“We were obscure at the time, so we suffered less than other big brands," Mr Son said. “The key to pulling ahead of the competition was extending sales channels while others were slowing down.”

The company introduced a new product, the Honey Luminous Royal Propolis Mask, and expanded into Korean duty-free shops. GP Club’s lower prices attracted so-called daigou shoppers - people buying products for clients in mainland China, where access to foreign goods is limited and prices are higher.

GP Club defied the rout and sales continued to grow, increasing to 9.5 million mask sheets in December 2017, and a record 100 million sheets in August 2018. Revenue surged to 300bn won (Dh970m) in the first half of last year, up from 50bn for all of 2017, according to Mr Son. That got Goldman’s attention.

Bill Gates is supporting a company using data-crunching algorithms to scour the globe for cobalt. Photo; AFP
Bill Gates is supporting a company using data-crunching algorithms to scour the globe for cobalt. Photo; AFP

Bill Gates

A coalition of billionaires led by Bill Gates has thrown its financial weight behind a startup hoping to build a "Google Maps for the earth’s crust" to hunt for new sources of cobalt.

The startup, Kobold Metals, is using data-crunching algorithms to scour the globe for cobalt, in a bet that there may still be significant undiscovered sources of the metal that has become one of the world’s hot commodities thanks to its use in electric vehicle batteries.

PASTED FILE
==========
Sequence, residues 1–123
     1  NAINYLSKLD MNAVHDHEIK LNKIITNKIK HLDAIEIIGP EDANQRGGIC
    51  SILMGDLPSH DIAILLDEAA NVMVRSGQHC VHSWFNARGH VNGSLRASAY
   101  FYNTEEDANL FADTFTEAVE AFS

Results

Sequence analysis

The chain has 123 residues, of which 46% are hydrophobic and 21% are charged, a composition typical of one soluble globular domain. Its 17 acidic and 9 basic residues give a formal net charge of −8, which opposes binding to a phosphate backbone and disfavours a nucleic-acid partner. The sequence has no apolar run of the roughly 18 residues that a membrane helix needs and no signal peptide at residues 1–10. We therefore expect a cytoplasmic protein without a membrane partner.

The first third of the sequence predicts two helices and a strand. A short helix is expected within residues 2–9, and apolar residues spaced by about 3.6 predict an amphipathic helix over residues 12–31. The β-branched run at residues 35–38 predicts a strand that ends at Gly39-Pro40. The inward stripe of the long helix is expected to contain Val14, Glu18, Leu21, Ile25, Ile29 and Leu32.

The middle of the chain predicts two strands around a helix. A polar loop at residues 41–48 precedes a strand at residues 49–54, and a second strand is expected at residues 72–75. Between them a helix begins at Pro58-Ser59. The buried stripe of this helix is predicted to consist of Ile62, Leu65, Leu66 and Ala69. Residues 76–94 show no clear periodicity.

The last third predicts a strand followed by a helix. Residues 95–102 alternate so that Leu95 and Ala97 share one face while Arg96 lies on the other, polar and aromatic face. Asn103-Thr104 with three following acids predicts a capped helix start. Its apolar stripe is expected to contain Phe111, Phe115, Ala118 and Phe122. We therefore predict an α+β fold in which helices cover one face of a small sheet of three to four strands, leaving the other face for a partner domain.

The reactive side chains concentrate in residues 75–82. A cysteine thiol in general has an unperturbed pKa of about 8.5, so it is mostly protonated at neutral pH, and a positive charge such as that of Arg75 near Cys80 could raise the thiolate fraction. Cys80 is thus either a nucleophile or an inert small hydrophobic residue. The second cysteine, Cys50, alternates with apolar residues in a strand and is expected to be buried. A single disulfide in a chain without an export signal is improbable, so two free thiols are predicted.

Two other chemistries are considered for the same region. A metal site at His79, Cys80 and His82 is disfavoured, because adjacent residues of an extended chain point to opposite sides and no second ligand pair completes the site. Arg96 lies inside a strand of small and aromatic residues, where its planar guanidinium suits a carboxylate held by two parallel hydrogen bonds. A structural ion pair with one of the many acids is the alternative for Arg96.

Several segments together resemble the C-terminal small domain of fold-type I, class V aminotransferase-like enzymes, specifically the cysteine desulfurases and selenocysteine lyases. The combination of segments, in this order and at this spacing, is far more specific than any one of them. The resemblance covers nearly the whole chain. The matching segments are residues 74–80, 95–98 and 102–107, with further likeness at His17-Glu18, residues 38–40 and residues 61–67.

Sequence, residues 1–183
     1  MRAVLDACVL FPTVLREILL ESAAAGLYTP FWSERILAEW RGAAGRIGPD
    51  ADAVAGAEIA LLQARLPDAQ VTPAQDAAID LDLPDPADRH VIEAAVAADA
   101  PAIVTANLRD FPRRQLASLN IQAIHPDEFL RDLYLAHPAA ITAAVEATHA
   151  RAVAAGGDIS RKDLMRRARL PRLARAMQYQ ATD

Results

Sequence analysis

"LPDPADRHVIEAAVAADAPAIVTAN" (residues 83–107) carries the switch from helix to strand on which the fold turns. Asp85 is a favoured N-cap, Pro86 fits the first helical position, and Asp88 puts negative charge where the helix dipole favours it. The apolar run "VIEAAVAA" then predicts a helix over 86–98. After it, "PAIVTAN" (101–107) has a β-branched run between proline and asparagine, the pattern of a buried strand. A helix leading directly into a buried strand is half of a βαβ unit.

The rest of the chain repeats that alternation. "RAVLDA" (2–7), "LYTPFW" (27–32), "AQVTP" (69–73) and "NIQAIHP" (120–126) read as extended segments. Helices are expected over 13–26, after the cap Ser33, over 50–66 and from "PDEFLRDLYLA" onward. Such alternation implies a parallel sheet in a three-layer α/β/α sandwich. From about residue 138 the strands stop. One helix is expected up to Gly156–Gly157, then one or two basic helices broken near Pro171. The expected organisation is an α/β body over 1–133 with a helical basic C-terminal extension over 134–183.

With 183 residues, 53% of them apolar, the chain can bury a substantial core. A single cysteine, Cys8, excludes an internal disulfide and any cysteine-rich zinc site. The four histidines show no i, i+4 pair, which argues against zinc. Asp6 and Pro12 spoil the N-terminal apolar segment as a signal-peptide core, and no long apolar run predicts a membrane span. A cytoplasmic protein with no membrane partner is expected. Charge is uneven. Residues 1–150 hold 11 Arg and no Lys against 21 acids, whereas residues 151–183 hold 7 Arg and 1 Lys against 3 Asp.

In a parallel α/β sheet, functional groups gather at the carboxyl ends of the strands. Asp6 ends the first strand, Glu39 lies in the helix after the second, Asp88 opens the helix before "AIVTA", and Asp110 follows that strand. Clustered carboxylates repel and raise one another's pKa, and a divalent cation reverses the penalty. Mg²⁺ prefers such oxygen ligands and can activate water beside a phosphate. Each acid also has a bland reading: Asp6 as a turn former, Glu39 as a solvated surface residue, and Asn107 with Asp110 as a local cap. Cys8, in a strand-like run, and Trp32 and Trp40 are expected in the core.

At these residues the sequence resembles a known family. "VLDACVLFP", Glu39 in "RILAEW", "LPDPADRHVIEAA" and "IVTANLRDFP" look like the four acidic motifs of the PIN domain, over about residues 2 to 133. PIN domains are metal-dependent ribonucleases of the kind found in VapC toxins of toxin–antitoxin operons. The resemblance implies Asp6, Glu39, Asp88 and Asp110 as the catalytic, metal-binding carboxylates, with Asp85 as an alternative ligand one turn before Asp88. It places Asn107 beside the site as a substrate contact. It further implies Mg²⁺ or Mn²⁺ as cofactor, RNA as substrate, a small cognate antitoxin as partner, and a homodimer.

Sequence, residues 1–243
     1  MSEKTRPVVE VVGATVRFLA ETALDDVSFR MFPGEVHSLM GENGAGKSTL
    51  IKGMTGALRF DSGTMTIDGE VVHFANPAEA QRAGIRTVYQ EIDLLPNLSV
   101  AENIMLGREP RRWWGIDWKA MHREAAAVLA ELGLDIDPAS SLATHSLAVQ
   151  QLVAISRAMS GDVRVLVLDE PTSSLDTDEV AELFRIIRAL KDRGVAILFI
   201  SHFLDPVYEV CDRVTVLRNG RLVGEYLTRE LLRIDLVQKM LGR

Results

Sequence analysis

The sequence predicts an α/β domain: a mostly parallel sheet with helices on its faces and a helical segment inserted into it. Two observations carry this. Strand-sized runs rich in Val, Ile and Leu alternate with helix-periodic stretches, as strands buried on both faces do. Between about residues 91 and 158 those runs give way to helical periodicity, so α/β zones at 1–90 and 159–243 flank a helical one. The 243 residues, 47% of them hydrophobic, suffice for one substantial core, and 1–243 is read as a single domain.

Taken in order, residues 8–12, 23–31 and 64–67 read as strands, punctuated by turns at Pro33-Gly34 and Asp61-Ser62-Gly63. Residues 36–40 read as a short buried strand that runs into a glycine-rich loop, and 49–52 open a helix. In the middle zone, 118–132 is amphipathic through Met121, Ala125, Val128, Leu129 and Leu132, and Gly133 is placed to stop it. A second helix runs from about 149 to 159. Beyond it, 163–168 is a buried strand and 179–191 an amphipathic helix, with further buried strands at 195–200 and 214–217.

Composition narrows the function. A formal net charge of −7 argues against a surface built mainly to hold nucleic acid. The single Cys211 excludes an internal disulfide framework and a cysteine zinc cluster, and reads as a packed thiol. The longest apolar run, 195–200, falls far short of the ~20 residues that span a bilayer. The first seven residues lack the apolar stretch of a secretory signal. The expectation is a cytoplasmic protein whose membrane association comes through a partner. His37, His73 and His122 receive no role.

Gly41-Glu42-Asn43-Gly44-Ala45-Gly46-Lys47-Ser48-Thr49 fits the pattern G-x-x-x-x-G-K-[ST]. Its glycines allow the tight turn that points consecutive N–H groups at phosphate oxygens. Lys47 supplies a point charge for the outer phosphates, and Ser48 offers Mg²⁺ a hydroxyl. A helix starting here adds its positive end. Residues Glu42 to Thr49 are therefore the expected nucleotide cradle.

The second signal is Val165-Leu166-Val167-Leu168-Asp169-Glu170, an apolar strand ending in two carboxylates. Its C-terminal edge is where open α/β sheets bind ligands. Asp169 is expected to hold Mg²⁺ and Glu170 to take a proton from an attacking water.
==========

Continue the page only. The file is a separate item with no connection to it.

The company has raised money from Silicon Valley venture capital firm Andreessen Horowitz and Breakthrough Energy Ventures, a fund backed by Gates and a dozen other tycoons including Jeff Bezos, Ray Dalio and Michael Bloomberg, owner of Bloomberg, the parent company of Bloomberg News.

Kobold Metals is betting it will be able to find new sources of the metal using what it calls "machine prospecting." The company is building a database of geological data that it then feeds into an algorithm, hunting for signals that indicate the likelihood of increased concentration of cobalt.

"What we’re building is basically Google Maps for the earth’s crust and below," says Connie Chan, partner at Andreessen Horowitz.

Kurt House, the chief executive officer of Kobold Metals, says the approach could succeed because mining companies have traditionally not focused on looking for cobalt. The metal is a byproduct of copper or nickel mining in all but one of the world’s cobalt mines, and more than two thirds of global supply comes from the Democratic Republic of Congo.

"People just haven’t looked for the stuff," says Mr House. "There’s very limited history of exploration at all outside of piggybacking on nickel and copper deposits."

Updated: March 9, 2019 07:35 PM